The absence of literature and knowledge about SBS environments, as well as their absence in water safety plans, does not permit the comparison of our results with other experiences but, at some times, permits us to highlight the role of promoting and extending SBS surveillance programs in other facilities.
SBS contamination can be minimized by implementing technical changes determined through better knowledge about SBS devices. This study supports the importance of microbiological environmental monitoring in such activities and devices still unknown, where the technologies used often pose risks of promoting infection. Therefore, we suggest the introduction of SBSs in risk assessment plans, monitoring programs, and training programs concerning the prevention of nosocomial and occupational infections in HCFs. Our future goals will involve the implementation of surveillance programs in other HCFs, as well as the involvement of local and national health authorities to support the development of guidelines for the mandatory surveillance of these devices.
The authors would like to thank the HCFs staff for technical assistance, Dr. Graziella Ciani and Dr. Federica Marino for microbiological analyses.
- 1. Chaoui L, Mhand R, Mellouki F, Rhallabi N. Contamination of the Surfaces of a Health Care Environment by Multidrug-Resistant (MDR) Bacteria. Int J Microbiol. 2019;2019. pmid:31871459
- 2. Caselli E, Arnoldo L, Rognoni C, D’Accolti M, Soffritti I, Lanzoni L, et al. Impact of a probiotic-based hospital sanitation on antimicrobial resistance and HAI-associated antimicrobial consumption and costs: A multicenter study. Infect Drug Resist. 2019;12: 501–510. pmid:30881055
- 3. Kramer A, Schwebke I, Kampf G. How long do nosocomial pathogens persist on inanimate surfaces? A systematic review. BMC Infect Dis. 2006;6: 1–8.
- 4. Weber DJ, Rutala WA. Understanding and Preventing Transmission of Healthcare-Associated Pathogens Due to the Contaminated Hospital Environment. Infect Control Hosp Epidemiol. 2013;34: 449–452. pmid:23571359
- 5. Perrin Y, Bouchon D, Héchard Y, Moulin L. Spatio-temporal survey of opportunistic premise plumbing pathogens in the Paris drinking water distribution system. Int J Hyg Environ Health. 2019. pmid:31085113
- 6. Rota, Maria Cristina, Caporali, Maria Grazia, Bella A, Scaturro, et al. Annual report of legionellosis in Italy—2018. Not dell’Istituto Super di Sanità. 2019;32.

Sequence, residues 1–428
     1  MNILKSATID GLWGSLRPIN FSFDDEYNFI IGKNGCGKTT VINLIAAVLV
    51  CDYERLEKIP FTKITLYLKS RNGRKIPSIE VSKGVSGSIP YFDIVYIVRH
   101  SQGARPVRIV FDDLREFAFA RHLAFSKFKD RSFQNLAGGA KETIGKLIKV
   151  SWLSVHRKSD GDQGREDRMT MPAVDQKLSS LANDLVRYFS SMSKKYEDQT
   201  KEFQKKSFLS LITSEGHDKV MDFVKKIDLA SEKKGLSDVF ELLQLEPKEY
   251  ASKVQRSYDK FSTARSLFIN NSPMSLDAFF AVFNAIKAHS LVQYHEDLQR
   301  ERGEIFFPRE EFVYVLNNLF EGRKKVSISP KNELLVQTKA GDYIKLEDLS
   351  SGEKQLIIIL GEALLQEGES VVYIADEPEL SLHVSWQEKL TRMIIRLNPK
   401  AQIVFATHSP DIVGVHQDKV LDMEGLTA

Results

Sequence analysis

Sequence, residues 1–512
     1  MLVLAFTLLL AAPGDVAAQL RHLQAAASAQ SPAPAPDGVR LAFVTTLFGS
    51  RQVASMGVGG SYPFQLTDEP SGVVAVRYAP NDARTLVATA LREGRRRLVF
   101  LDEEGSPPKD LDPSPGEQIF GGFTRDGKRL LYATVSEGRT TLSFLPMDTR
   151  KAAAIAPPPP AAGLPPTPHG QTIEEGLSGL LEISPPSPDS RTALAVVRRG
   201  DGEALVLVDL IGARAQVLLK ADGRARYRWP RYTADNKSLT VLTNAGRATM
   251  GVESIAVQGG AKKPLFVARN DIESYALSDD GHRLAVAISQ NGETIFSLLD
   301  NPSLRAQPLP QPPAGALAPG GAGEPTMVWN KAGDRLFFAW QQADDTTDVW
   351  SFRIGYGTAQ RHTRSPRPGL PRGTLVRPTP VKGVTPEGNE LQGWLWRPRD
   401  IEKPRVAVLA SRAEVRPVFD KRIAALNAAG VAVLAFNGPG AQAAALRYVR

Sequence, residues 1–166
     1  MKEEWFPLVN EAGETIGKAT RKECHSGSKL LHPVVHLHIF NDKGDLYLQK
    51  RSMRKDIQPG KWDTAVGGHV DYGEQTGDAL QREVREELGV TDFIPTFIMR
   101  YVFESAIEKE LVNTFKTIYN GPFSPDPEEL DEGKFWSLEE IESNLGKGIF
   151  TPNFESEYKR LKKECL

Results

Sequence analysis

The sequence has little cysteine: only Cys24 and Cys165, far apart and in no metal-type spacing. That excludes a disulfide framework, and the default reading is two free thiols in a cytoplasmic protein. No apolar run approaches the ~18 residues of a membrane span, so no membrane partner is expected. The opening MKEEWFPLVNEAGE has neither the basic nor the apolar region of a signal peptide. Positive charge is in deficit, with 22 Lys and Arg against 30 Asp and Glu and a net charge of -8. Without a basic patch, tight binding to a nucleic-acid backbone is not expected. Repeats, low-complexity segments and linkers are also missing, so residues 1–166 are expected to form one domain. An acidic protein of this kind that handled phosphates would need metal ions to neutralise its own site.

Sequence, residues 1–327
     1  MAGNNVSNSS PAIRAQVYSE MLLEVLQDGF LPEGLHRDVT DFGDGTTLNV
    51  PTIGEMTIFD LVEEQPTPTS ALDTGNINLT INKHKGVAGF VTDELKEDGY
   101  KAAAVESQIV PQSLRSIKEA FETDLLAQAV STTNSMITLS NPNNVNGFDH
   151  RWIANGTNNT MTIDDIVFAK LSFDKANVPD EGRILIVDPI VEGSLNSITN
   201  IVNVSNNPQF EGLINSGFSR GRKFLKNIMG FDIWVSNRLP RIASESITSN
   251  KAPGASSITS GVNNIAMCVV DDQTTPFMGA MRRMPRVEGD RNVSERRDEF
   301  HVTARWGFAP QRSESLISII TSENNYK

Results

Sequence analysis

- 7. Zotti CM, Quattrocolo F, Angelo D, Corcione S. Report Italiano PPS2 2016/2017 Studio di Prevalenza Italiano sulle Infezioni Correlate all’assistenza e sull’uso di Antibiotici negli Ospedali per acuti—protocollo ECDC. 2017; 1–66.
- 8. Abu Khweek A, Amer AO. Factors mediating environmental biofilm formation by Legionella pneumophila. Front Cell Infect Microbiol. 2018;8: 1–10.
- 9. Gamage SD, Ambrose M, Kralovic SM, Roselle GA. Water Safety and Legionella in Health Care: Priorities, Policy, and Practice. Infect Dis Clin North Am. 2016;30: 689–712. pmid:27515143
- 10. Kaplan JB. Biofilm Dispersal: Mechanisms, Clinical Implications, and Potential Therapeutic Uses. J Dent Res. 2010;89: 205–218. pmid:20139339
- 11. Peng J, Cao J, Ng FM, Hill J. Pseudomonas aeruginosa develops Ciprofloxacin resistance from low to high level with distinctive proteome changes. J Proteomics. 2017. pmid:27771372
- 12. Treepong P, Kos VN, Guyeux C, Blanc DS, Bertrand X, Valot B, et al. Global emergence of the widespread Pseudomonas aeruginosa ST235 clone. Clin Microbiol Infect. 2018. pmid:28648860
- 13. Tsuji A, Kaneko Y, Takahashi K, Ogawa M, Goto S. The Effects of Temperature and pH on the Growth of Eight Enteric and Nine Glucose Non-Fermenting Species of Gram-Negative Rods. Microbiol Immunol. 1982;26: 15–24. pmid:7087800
- 14. Kropinski AMB, Lewis V, Berry D. Effect of growth temperature on the lipids, outer membrane proteins, and lipopolysaccharides of Pseudomonas aeruginosa PAO. J Bacteriol. 1987;169: 1960–1966. pmid:3106325
- 15. Falkinham JO, Pruden A, Edwards M. Opportunistic premise plumbing pathogens: Increasingly important pathogens in drinking water. Pathogens. 2015;4: 373–386. pmid:26066311
- 16. Dana AN, Bauman WA. Bacteriology of pressure ulcers in individuals with spinal cord injury: What we know and what we should know. J Spinal Cord Med. 2015;38: 147–160. pmid:25130374
- 17. Tedeschi S, Negosanti L, Sgarzani R, Trapani F, Pignanelli S, Battilana M, et al. Superficial swab versus deep-tissue biopsy for the microbiological diagnosis of local infection in advanced-stage pressure ulcers of spinal-cord-injured patients: a prospective study. Clin Microbiol Infect. 2017. pmid:28433727
- 18. Lee K, Yoon SS. Pseudomonas aeruginosa Biofilm, a Programmed Bacterial Life for Fitness. J Microbiol Biotechnol. 2017;27: 1053–1064. pmid:28301918
- 19. Moore MR, Pryor M, Fields B, Lucas C, Phelan M, Besser RE. Introduction of monochloramine into a municipal water system: Impact on colonization of buildings by Legionella spp. Appl Environ Microbiol. 2006;72: 378–383. pmid:16391067